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Toshiba Satellite C50-B-15N is a budget laptop available in some European markets (like in ex-Yugoslavia, for example).
If you have the Toshiba Satellite C50-B-15N and are running Linux on it please consider editing this page for any update, or adding a comment below with your compatibility details. By contributing you will help other people running this laptop or trying to make a decision on whether to buy it or not.
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For full specifications see the official Toshiba Croatia Satellite C50-B-15N specifications page (in croatian).
|Name||Toshiba Satellite C50-B-15N|
|Processor||Intel® Celeron(R) CPU N2840 with Intel® Burst Technology 2.0 @ 2.16GHz × 2 (2.58GHz with Burst)|
|Screen||15.6“ widescreen Toshiba TruBrite® HD TFT High Brightness display with LED backlighting, 1366×768 (HD), 16:9 aspect ratio|
|Optical Drive||Slim DVD-SuperMulti drive (double layer)|
|Graphics||Intel HD Graphics|
|Network||10BASE-T/100BASE-TX Fast Ethernet LAN
Qualcomm Atheros Wi-Fi Wireless networking (802.11b/g/n) with Bluetooth® 4.0 + LE
|Processor||Works||Burst works, too.|
|Screen||Works||Brightness is adjustable too, but the apposite FN keys don't work.|
|HDMI Out||Not Tested|
|Headphone and Microphone combo Port||Works|
|Bluetooth||Works after fix||Most distros come with missing firmware for this.|
|Card Reader||Not Tested|
|Keyboard||Works||Some FN keys don't work (correctly), others do.|
|TouchPad||Works||Multithouch, 3 fingers|
I am using this laptop with Ubuntu 15.04 Vivid Vervet with Unity for a week now, and I got the above results.
Making Bluetooth work:
It is a Qualcomm Atheros QCA9565 / AR9565 WLAN/Bluetooth combo adapter on which many people around the internets complain about non-working Bluetooth in Linux. The problem is that most distros come with missing firmware files for the ar3k firmware.
Firstly, you will need a recent Linux kernel, at least v. 3.18 to make this adapter work at all. Ubuntu Vivid comes with Linux 3.19.0, so you are fine if you plan on using that, or a later version.
If you do a “dmesg | grep -i blue” and “dmesg | grep -i firmware”, you will notice they complain about a missing firmware file, namely AthrBT_0x31010100.dfu. But you will also need its couple ramps_0x31010100_40.dfu along with it to make it work.
Secondly, you will have to get the missing firmware files from the internet. I wasn't able to extract these from the drivers packages distributed on the official Toshiba drivers download website. Fortunately, Ubuntu Forums user Ephialta shares a link to a normally extractable Windows driver .cab package: http://ubuntuforums.org/showthread.php?t=2260501&p=13207809#post13207809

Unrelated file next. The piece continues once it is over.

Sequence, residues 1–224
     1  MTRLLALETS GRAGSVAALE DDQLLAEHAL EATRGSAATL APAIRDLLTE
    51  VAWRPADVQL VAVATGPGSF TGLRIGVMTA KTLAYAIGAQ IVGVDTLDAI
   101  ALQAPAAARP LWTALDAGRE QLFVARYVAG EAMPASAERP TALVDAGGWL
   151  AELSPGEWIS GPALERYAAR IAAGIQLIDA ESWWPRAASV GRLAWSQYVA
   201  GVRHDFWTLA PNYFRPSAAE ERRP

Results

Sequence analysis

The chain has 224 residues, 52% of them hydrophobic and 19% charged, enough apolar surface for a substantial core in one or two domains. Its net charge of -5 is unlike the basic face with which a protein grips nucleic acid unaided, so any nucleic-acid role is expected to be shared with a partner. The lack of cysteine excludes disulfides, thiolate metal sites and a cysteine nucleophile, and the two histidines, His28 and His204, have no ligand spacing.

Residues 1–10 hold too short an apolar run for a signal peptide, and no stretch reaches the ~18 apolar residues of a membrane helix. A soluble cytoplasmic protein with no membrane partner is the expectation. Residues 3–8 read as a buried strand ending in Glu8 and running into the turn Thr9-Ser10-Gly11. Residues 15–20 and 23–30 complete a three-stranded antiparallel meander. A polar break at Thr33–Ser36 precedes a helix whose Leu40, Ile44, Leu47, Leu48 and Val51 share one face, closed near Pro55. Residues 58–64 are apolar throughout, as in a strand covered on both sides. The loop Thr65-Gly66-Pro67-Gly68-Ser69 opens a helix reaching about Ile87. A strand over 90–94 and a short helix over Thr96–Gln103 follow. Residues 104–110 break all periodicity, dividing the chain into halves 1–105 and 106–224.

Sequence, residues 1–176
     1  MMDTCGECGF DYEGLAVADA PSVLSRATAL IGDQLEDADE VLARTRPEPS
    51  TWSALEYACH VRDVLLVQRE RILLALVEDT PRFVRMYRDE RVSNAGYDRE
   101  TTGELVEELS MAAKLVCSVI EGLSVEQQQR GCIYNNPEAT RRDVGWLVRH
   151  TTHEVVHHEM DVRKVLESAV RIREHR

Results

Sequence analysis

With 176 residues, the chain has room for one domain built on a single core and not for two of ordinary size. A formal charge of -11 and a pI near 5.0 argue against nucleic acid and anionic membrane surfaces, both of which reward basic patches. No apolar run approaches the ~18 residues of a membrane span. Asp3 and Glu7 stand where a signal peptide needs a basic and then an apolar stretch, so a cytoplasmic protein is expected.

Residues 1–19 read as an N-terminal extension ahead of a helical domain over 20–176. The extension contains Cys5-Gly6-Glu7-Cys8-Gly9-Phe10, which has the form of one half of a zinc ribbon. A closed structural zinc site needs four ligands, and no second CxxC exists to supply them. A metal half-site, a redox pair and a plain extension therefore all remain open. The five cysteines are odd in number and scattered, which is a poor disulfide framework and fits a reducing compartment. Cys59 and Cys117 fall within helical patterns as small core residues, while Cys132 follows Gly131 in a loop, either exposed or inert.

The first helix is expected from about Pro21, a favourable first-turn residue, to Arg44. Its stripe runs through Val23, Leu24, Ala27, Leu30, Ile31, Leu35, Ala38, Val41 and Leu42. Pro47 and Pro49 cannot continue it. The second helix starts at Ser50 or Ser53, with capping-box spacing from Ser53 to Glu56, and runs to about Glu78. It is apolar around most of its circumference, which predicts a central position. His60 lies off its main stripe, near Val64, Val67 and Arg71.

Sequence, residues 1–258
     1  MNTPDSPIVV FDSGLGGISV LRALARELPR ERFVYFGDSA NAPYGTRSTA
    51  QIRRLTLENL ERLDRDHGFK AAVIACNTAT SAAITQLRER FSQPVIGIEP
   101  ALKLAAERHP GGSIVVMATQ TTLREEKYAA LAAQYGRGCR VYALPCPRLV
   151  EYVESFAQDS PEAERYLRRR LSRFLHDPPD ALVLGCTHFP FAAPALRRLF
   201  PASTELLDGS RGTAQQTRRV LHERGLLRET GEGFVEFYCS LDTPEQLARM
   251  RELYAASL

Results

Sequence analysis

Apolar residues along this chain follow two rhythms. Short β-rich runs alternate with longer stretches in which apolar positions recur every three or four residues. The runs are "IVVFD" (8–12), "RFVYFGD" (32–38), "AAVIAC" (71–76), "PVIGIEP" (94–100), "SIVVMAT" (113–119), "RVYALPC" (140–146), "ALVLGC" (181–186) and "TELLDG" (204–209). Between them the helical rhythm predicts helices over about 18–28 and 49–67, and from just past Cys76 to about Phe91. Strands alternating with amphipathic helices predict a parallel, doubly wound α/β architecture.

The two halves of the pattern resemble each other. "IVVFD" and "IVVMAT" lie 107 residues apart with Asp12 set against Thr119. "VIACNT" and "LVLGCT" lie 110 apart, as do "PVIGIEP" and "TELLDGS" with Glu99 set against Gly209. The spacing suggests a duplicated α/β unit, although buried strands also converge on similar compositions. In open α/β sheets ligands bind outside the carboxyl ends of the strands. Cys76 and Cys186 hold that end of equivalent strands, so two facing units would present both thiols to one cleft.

So you open the package and extract only the two aforementioned files.
Thirdly, if you are using Ubuntu Vivid, like me, you have to put those files into /lib/firmware/ar3k/ (as root, or with sudo, of course).
Other versions or distros may have different paths to firmware, so check that first. Point is, the files have to be added to the ar3k firmware.
Finally, reboot you laptop and Bluetooth should work now.
Also worthwhile to note…
In Croatia the computer ships OS-less, and UEFI Secure Boot is disabled by default, so you shouldn't have problems installing GNU/Linux on it.
On the keyboard, some FN keys work fine, like volume and media playback control, the Help key and PRTSC also work fine. Some FN keys don't work as expected: brightness down brings up Energy Stats window, brightness up suspends the computer. Other FN keys don't work at all.
Brightness control itself actually works, but not via the apposite keys. This is fixable in various ways. For example, I have made my own custom keyboard shortcuts pointing to xbacklight commands.
All in all, the laptop plays mostly nicely with Ubuntu. The only thing bothering me is that Bluetooth doesn't work out of the box, but this is fixable as explained above, and hopefully it will be fixed in future versions of Ubuntu and other distros.
FN keys tend to be messed up on GNU/Linux, except for officially supported and certified devices, which this one is not, so that was something I expected, and it doesn't bother me much. Especially because improvements in this area are really made over time, so hopefully future versions of various distros will support more keys.
Other than that, it is a really nice, capable and fast enough budget computer for a humanities student's needs like myself, but also for basic home computing needs, though it probably won't run some latest'n'greatest games, if you are into that. It seems to be a good value for the money (1999 Kn in Croatia, which is about €263,60).